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United States, Russia Sign Agreement to Further Research and Development Collaboration in Nuclear Energy and Security

September 16, 2013 - 11:18am

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VIENNA – U.S. Secretary of Energy Ernest Moniz and Director General of the Russian Federation State Corporation “Rosatom” Sergey Kirienko today signed the Agreement between the Government of the United States of America and the Government of the Russian Federation on Cooperation in Nuclear- and Energy-Related Scientific Research and Development on the margins of the International Atomic Energy Agency’s General Conference in Vienna, Austria.

The Agreement provides the legal framework necessary to expand cooperation between U.S. and Russian nuclear research laboratories, institutes, and facilities in a broad range of areas, including nuclear technology, nonproliferation, fundamental and applied science, energy, and environment. It will complement provisions of the U.S. - Russian Agreement for Cooperation in the Field of Peaceful Uses of Nuclear Energy, which came into force in January 2011 and opened new opportunities to work together on a wide range of issues in this sphere.

“This Agreement supports President Obama’s nonproliferation and climate priorities by providing a venue for scientific collaboration and relationship-building between the U.S. and Russian research and technical communities,” said Energy Secretary Moniz. “Jointly, these communities will work to further develop advanced technologies that can address some of our most pressing nuclear energy and nuclear security challenges.”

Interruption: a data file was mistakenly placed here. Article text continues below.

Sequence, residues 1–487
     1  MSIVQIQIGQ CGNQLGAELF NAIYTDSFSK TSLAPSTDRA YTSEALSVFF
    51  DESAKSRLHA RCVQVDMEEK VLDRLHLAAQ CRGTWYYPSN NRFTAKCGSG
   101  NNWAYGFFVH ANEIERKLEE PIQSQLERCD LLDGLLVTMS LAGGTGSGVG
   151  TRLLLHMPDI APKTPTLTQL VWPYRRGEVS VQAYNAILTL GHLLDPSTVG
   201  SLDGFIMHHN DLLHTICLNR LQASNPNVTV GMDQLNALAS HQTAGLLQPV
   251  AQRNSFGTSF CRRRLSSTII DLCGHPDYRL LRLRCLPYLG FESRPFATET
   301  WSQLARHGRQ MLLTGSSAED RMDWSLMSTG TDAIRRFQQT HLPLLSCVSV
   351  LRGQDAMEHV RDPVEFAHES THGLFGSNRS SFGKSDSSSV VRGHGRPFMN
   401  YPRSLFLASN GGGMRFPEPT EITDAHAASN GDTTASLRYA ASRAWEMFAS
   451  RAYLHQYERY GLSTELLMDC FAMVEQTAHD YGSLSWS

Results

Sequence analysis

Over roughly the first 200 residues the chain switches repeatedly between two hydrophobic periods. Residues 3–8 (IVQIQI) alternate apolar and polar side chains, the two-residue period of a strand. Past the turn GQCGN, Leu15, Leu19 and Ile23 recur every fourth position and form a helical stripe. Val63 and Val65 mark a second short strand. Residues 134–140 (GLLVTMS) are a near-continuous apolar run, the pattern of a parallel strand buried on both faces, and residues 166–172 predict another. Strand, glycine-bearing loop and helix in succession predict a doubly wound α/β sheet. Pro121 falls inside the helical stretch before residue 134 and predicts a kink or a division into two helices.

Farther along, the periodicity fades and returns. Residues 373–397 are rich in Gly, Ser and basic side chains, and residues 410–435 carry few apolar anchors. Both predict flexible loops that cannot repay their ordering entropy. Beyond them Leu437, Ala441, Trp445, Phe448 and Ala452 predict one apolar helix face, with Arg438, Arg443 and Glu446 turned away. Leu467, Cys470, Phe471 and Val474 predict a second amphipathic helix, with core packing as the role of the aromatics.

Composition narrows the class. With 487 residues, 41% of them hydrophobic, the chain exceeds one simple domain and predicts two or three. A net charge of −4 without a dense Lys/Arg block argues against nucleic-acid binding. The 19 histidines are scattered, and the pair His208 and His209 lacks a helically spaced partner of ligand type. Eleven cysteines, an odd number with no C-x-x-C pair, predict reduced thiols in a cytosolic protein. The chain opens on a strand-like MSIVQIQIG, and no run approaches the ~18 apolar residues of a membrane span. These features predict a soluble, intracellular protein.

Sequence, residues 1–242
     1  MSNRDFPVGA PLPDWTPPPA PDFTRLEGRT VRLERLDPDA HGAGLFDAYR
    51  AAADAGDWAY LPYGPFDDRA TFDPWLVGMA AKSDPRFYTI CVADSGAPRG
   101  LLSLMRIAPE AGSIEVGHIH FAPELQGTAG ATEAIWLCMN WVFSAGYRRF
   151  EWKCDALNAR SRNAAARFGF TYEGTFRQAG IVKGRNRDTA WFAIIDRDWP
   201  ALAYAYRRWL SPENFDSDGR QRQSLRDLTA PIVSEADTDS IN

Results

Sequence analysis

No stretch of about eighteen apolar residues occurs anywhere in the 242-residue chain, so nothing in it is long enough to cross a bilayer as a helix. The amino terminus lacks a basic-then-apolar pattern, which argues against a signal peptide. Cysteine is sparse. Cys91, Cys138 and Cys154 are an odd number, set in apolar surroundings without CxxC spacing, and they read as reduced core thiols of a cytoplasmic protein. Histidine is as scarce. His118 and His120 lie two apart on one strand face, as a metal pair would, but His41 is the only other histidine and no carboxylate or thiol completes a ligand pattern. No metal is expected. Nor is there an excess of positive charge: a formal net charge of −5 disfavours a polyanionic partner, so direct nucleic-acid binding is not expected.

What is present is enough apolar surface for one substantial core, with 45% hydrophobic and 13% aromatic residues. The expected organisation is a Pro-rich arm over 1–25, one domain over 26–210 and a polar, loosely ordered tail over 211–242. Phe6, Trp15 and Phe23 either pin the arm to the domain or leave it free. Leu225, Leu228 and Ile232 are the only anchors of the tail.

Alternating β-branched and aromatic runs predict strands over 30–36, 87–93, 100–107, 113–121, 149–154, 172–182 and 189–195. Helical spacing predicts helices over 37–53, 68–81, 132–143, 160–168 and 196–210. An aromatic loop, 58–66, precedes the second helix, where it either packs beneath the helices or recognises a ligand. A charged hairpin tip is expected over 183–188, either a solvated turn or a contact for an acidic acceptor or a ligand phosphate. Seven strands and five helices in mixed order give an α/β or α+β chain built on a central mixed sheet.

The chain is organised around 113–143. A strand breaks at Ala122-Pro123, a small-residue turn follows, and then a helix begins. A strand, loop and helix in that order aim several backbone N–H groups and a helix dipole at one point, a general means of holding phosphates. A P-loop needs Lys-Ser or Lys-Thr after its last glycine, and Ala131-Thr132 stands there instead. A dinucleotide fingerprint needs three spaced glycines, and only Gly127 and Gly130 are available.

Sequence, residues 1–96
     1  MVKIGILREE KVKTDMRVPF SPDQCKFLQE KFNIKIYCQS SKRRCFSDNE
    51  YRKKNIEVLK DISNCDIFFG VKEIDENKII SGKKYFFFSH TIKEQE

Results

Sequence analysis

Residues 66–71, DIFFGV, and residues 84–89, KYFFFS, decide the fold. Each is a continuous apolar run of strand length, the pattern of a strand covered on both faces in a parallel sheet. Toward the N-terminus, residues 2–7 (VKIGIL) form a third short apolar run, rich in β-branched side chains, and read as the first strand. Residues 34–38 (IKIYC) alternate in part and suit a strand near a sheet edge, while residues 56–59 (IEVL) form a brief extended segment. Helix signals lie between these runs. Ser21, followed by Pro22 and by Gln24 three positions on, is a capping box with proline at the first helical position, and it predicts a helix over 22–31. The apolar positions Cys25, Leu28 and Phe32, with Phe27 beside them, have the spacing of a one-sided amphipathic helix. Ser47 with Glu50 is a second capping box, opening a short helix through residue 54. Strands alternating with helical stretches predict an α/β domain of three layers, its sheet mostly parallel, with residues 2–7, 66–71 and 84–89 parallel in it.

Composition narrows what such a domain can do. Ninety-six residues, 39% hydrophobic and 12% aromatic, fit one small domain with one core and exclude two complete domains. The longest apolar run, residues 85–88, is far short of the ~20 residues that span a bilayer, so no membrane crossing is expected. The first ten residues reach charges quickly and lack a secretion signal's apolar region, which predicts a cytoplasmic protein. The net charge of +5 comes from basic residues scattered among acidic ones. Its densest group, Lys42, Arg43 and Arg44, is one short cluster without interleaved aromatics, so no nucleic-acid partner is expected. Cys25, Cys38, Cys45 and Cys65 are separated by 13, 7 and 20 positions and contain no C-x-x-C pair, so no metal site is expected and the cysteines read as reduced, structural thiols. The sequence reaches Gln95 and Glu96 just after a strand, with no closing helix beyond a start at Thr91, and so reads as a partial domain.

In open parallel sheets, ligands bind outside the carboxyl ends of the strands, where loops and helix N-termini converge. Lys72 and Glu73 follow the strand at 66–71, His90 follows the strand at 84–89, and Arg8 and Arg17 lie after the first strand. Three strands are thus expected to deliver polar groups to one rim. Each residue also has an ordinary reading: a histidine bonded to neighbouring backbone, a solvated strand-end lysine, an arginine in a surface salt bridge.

Potential projects covered by the Agreement could include international safeguards, establishment of a Multi-Purpose Fast Research Reactor International Research Center, irradiation of fuels and materials in the fast-spectrum research reactor “BOR-60,” and defense from asteroids, among others. The United States and Russia are equal partners under the Agreement, with each country bearing its own costs.

The United States and Russia have a long history of cooperation on nonproliferation, nuclear security and nuclear energy. This new framework builds upon the success of the 1992 Agreement between the United States of America and the Russian Federation Concerning the Safe and Secure Transportation, Storage and Destruction of Weapons and the Prevention of Weapons Proliferation, commonly known as the Nunn-Lugar Cooperative Threat Reduction (CTR) Umbrella Agreement, which expired in June 2013.

Later this year, the United States and Russia are scheduled to celebrate the final delivery of low enriched uranium under a 1993 agreement that provided for the conversion of 500 metric tons of Russian highly enriched uranium from nuclear weapons to non-weapons usable low enrichment uranium for use in U.S. commercial reactors.

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